On the quest for a half marathon before Marine Corps, I was going to “race” the Craft Classic Half Marathon to evaluate where I was in my training for Marine Corps Marathon.
While I wasn’t feeling too good the day before the race with a lost voice and some chest congestion (my usual race jinx), I woke up the morning of the race with nothing worse than just being crazy sleepy. And with the weather being the best it could possibly be (hurricane Irma’s effect), it was perfect race conditions.
While chatting about the race, Coach G super casually mentioned that I could run a 2:30 half. I believe I gave a teenager worthy eye roll after my eyes settled back after popping out in shock.
How in the world was I to run a 11:30 pace over a distance of 13.1 miles?!! How the … was that supposed to happen?? My PR was at the downhill Revel Rockies in Colorado and I had averaged 12:05. And I was supposed to go faster on a hilly course? I knew I was stronger now than back in June, but THAT much stronger? I wasn’t too sure.
Truth be told, I was afraid. Anytime a distance race involves pace numbers and time, I get scared. I think I’m afraid of failure. Afraid of what would happen if I don’t hit my aggressive goal. Ever since Georgia Half Marathon and Pittsburgh Half Marathon enroute to the #LongRoadToAugusta, I’ve been learning to get over the fear of failure by accepting that failure is part of trying for success … but I still can’t help the panic that comes over sometimes.
I took heart in what I was told – “If you’ve run the pace and you can run the distance, you can run the pace at the distance. This is what separates races and training.”
That part was true – I had run that pace a lot, and I had comfortably paced the distance at the Alien Half Marathon just 2 weeks ago in oppressive humidity. Numbers and cold logic speak to me much better than a motivating “you can do it”!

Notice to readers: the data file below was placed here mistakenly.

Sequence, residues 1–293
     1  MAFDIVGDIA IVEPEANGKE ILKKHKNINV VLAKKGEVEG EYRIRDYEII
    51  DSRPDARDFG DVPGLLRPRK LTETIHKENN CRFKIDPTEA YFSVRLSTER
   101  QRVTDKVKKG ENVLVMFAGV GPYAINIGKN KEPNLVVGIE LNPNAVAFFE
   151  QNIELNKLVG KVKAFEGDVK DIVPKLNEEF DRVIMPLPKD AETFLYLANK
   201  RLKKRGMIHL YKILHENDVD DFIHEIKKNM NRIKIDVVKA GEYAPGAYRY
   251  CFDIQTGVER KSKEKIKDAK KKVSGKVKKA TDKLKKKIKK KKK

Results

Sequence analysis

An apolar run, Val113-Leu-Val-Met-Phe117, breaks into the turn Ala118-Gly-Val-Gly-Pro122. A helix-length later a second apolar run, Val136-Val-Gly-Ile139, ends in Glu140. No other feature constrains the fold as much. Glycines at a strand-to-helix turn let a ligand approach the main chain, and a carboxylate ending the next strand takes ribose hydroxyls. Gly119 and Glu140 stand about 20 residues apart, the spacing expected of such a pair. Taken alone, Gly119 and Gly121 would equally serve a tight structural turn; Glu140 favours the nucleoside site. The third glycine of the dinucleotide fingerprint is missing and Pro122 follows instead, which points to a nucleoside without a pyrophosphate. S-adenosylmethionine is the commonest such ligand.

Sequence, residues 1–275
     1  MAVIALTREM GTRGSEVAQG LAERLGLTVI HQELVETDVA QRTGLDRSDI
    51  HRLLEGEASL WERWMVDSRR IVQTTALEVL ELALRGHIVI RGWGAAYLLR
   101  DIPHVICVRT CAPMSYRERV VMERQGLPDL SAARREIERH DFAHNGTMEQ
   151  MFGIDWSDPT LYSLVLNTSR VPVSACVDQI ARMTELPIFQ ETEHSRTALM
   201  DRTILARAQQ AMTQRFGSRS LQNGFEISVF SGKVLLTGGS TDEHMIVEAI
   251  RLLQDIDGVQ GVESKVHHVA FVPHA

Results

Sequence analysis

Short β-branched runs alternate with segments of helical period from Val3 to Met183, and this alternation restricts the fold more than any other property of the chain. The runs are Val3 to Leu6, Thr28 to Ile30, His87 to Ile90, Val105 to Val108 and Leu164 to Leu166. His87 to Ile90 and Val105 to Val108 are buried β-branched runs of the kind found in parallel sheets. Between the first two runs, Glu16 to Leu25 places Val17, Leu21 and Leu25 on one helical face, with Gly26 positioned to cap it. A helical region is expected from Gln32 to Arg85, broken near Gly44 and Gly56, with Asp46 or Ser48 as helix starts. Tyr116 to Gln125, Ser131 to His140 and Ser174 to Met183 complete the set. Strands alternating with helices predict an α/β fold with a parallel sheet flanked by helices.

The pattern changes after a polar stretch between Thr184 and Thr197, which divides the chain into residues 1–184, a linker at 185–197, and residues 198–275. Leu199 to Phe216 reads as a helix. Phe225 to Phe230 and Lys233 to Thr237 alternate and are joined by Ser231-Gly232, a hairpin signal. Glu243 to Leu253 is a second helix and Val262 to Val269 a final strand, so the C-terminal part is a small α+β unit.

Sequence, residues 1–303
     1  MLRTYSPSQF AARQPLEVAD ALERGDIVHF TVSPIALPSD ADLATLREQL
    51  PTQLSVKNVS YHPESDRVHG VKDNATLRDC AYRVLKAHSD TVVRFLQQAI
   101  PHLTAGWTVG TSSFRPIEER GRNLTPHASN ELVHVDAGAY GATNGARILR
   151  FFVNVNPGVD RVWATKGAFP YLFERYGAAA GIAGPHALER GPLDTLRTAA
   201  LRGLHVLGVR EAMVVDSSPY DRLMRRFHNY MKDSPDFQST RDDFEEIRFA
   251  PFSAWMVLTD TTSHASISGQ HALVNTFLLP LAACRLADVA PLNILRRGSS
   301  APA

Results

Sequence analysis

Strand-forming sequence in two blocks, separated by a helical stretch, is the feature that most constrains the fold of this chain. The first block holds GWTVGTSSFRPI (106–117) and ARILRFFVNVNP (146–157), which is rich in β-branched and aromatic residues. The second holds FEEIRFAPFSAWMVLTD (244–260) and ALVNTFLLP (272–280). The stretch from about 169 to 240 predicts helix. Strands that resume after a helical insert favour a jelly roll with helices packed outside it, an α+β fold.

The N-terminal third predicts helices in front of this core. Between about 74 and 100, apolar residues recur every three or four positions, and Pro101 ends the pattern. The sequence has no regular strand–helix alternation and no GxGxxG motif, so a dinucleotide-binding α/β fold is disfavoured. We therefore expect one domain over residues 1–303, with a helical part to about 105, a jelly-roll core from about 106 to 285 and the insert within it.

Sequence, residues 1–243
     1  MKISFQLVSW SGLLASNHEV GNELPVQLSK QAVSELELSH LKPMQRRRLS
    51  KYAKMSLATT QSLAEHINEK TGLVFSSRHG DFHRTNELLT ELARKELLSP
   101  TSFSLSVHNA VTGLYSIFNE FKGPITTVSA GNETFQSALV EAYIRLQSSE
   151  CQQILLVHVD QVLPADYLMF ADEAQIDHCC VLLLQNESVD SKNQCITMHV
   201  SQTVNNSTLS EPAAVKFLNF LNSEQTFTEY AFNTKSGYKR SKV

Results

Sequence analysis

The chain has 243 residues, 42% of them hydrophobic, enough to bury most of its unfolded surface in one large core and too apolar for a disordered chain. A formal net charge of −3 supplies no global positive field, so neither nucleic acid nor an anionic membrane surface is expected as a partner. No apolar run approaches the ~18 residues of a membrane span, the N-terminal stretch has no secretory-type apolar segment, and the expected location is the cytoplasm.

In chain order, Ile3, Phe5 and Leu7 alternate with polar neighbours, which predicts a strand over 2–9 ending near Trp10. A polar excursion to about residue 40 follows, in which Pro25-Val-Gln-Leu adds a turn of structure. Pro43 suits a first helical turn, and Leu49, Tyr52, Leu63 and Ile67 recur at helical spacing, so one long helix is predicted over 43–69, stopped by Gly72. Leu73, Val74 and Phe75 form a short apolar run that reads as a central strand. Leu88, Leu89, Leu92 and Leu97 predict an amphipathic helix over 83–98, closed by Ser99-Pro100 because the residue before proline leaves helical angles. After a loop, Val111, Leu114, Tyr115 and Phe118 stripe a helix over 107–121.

I talked to the 2:30 pacer before the race even though I had no intention of following the pacer. I HATE following someone else and I believe that my internal pacing mechanism serves me just fine. And for whatever reason, something just prevents me from ‘taking off’ from the start in a long distance race. It can be both a strength and a weakness – some people admire that I can hold back in the midst of all the adrenaline of race start and some people say that it’s all mental that I can’t run faster initially. Either way, it’s helped me not collapse after half way point and so that is what I usually follow.
I was going to do my usual race strategy of start slower (11:45-12:00), get to race pace (11:30) and then try to push for a negative split.
Miles 1 – 4
With the goal being a 11:30 pace (that I still didn’t believe in), I tried to stick to a 11:45 pace. But with my initial hesitation of starting pace and getting used to the rolling hills, it was closer to 12:00. I did try sometimes to pick up pace, but everytime I did that I felt uncomfortable and I’d back off, afraid to feel uncomfortable so early in the race. I averaged 12:05 this segment.
Miles 5 – 9
I picked up the pace slightly to try to get to 11:45 at least. I’d occasionally glance at the Garmin and was pleased that the pace increase didn’t seem too hard with the rolling hills. There was a nice downhill stretch that I took advantage of too. I averaged 11:33 in this segment.
I believe I turned my music on (I really must get Spotify Premium one of these days!) somewhere around this time. I’m used to running without music, so this was more to just shut out external noise rather than for motivation.
I thought a lot about Chris, bracing for a hit from hurricane Irma, and Krystal, a mum of two, with a fresh diagnosis of breast cancer, and Shannon, another mum of two fighting stage 4 cancer for the past year. Carrying the three of them in my heart gave me a sense of peace and the love I felt gave strength to my legs.
Miles 10 – 11
I knew there was a long 2.x mile hill coming up somewhere and mentally braced myself for it. It was described as not bad, but just so long that you want to start walking. Now, I’m not too concerned anymore about whether I run straight out or take walk breaks. I just want to get from point A to point B in the fastest possible way. But I didn’t want to waste too much time walking a lot either, so was prepared to do some structured interval running; until then I was running all the downhill portions and walking some 30 seconds during the mid parts of the hills.